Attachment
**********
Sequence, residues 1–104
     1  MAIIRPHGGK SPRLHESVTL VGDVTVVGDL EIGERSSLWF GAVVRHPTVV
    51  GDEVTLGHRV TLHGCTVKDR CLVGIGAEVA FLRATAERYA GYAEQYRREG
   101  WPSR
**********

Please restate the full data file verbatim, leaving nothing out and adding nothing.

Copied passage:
Sequence, residues 1–104
     1  MAIIRPHGGK SPRLHESVTL VGDVTVVGDL EIGERSSLWF GAVVRHPTVV
    51  GDEVTLGHRV TLHGCTVKDR CLVGIGAEVA FLRATAERYA GYAEQYRREG
   101  WPSR